I don’t know about your family, but my family produces large amounts of homeschool papers every day. There are math lessons, worksheets, tests, notebooking sheets, maps, and more. What do you do with all of these papers that pile up all over the house?
You organize them with a portfolio.
Portfolios are awesome tools for everyone, not just homeschoolers in states that require a yearly evaluation. You have a place to put the papers. You have documentation of your children’s education over the past year. Kids have a notebook of their learning to show off to grandparents.
How to Create a Portfolio
Purchase a thick 3-ring binder for each child you’re homeschooling. I like to color code my children's notebooks so the binders are easy to see and grab as I’m organizing papers. It speeds up the entire process.
In each binder I place subject dividers. Label the dividers using designations that make sense to you. You can use specific terms such as 7th grade math, biology, or Middle Ages. You can also use general terms such as language arts, science, and history.
I prefer using general terms such as math, science, history, art, and English so I can make changes as needed without changing the portfolio. We’ve yet to have a year pass that I haven’t made some changes to our homeschool between the semesters.
Encourage your children to decorate their portfolios to their hearts’ content. They can add pictures and stickers to the binder. Hand out markers and have the children doodle. Kids love to personalize their portfolios, and the artwork simply makes it easier to recognize whose binder is whose.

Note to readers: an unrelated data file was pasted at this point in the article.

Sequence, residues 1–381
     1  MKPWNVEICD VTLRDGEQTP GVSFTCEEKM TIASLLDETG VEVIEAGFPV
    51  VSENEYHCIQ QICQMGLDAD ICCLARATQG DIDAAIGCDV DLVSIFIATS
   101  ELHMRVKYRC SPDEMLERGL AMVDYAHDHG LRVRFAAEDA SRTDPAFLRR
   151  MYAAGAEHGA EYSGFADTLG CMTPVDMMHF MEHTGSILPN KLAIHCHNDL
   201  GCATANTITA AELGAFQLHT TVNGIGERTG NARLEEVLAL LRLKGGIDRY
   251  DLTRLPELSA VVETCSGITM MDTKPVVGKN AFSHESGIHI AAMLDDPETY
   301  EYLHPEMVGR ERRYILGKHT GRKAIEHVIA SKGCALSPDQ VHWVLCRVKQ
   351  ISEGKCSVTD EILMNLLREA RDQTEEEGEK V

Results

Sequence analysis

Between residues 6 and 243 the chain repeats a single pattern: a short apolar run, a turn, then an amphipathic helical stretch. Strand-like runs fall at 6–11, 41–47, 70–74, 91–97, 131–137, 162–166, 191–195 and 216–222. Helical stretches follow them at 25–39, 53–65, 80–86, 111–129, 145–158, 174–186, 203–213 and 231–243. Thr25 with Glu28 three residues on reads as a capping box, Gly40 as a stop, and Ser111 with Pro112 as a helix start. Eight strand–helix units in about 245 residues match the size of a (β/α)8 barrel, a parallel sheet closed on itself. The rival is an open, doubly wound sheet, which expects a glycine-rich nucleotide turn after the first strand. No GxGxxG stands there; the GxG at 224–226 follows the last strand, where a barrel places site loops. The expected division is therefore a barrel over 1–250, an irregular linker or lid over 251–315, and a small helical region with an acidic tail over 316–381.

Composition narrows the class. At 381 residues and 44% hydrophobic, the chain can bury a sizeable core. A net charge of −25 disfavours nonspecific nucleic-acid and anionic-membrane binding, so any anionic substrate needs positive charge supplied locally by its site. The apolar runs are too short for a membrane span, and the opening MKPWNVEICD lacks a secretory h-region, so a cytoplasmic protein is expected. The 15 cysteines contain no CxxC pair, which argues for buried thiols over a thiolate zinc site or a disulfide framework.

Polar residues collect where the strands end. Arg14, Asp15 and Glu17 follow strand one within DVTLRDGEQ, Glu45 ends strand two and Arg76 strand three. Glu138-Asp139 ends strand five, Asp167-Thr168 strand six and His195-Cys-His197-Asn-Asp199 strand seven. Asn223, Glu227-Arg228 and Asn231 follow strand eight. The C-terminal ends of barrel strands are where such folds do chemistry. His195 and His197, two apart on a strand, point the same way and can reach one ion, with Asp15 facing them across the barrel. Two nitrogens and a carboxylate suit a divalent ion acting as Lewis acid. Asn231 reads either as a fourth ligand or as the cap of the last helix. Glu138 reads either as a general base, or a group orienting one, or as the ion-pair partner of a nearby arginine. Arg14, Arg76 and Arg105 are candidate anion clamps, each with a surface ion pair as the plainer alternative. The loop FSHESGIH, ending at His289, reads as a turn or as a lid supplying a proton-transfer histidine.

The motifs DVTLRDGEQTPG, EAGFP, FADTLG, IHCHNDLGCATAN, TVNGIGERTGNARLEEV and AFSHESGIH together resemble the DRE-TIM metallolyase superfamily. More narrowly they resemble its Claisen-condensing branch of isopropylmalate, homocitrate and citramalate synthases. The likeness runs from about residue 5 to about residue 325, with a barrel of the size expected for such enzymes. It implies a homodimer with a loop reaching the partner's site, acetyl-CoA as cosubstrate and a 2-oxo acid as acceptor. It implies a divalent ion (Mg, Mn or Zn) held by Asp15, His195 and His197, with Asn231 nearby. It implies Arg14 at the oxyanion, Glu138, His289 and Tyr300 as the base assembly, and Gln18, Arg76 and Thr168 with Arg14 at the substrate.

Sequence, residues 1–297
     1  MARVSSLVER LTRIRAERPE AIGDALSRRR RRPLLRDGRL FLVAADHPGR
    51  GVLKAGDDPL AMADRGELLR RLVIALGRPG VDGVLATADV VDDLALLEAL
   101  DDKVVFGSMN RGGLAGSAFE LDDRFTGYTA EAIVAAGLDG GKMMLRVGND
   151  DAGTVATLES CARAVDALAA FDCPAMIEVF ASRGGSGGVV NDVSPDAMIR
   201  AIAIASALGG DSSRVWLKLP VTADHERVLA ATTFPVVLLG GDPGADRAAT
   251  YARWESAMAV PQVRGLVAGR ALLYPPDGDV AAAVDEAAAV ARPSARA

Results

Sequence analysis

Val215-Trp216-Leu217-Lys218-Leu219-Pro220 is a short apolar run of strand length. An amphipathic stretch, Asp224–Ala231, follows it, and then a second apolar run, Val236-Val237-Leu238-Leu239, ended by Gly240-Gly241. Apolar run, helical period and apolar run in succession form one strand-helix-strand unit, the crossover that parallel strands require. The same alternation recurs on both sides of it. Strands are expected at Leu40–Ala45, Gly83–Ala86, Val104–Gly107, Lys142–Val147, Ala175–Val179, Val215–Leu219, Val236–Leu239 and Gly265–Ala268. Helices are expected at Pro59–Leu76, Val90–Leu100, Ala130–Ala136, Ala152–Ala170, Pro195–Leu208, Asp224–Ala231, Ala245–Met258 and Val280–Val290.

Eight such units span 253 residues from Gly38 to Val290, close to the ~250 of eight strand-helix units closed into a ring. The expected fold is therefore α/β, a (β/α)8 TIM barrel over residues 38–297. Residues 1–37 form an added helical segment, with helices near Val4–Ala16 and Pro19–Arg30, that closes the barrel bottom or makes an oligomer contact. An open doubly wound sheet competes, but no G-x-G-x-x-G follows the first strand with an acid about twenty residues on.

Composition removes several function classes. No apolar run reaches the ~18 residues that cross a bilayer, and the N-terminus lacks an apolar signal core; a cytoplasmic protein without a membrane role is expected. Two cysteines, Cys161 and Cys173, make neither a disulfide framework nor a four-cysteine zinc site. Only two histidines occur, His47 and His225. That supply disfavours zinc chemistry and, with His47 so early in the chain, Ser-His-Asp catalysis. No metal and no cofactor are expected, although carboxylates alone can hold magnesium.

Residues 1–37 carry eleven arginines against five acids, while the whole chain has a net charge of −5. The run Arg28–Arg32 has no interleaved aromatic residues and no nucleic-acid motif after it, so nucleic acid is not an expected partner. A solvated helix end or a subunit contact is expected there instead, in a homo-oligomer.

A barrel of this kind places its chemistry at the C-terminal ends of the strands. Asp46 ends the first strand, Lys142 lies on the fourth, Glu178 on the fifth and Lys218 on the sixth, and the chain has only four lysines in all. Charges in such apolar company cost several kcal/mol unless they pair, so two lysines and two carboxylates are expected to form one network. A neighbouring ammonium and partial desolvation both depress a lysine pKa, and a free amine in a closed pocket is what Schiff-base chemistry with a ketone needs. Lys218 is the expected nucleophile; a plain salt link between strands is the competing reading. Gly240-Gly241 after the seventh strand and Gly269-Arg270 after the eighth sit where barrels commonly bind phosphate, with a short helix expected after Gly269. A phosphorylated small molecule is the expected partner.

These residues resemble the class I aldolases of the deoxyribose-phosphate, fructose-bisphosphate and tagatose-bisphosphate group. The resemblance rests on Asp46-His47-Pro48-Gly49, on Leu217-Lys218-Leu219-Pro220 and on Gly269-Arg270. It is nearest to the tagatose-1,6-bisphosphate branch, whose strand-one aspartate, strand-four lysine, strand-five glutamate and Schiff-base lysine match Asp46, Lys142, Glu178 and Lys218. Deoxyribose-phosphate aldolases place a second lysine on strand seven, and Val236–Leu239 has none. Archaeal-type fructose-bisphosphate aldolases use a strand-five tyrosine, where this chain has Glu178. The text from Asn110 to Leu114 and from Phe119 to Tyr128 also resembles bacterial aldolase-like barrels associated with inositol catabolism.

Consider labeling the binder with the school year as well. When the various portfolios are sitting on the shelf, it’s easier to find the school year you need if it’s labeled.
What to Put into the Portfolio
I must admit I do not put every single paper we produce into the portfolio. Daily math sheets alone would burst the seams. Instead I store only the papers I wish to keep long term.
Math tests, science lab reports, notebooking pages, poetry, writing assignments, artwork, and maps are carefully filed into the portfolio. Lapbooks we create are also tucked carefully into the binder. At the end of the year, there should be a representative sample of everything we studied.
As kids approach high school, it’s useful to keep a course list and grades in the front of the portfolio. Believe me, creating a transcript is much easier with all the information you need sitting right at the front of the binder.
Reading lists are also useful. Not all colleges or universities require a list of the books read and studied over the high school years, but a few do. It’s impossible to remember every book a homeschool child reads over four years. Just keep a couple sheets of paper in the front and jot down the books your child reads. It may come in handy during that senior year.
A good portfolio should be easy to keep organized. Simply take a few minutes each week to file the papers you want to keep in the binder. I prefer to file the papers on Friday, but pick the time most convenient for you.
Any time you need to access a record of what you actually accomplished, even if it’s simply for your own peace of mind, all the information is there waiting for you in the portfolio.
About the Author
Sara Dennis is a homeschooling mother of 6 children ages 4 through 18. After much research into homeschooling in 2000, she and her husband fell in love with classical education and used it as the foundation for their homeschool. Sara Dennis blogs at Classically Homeschooling.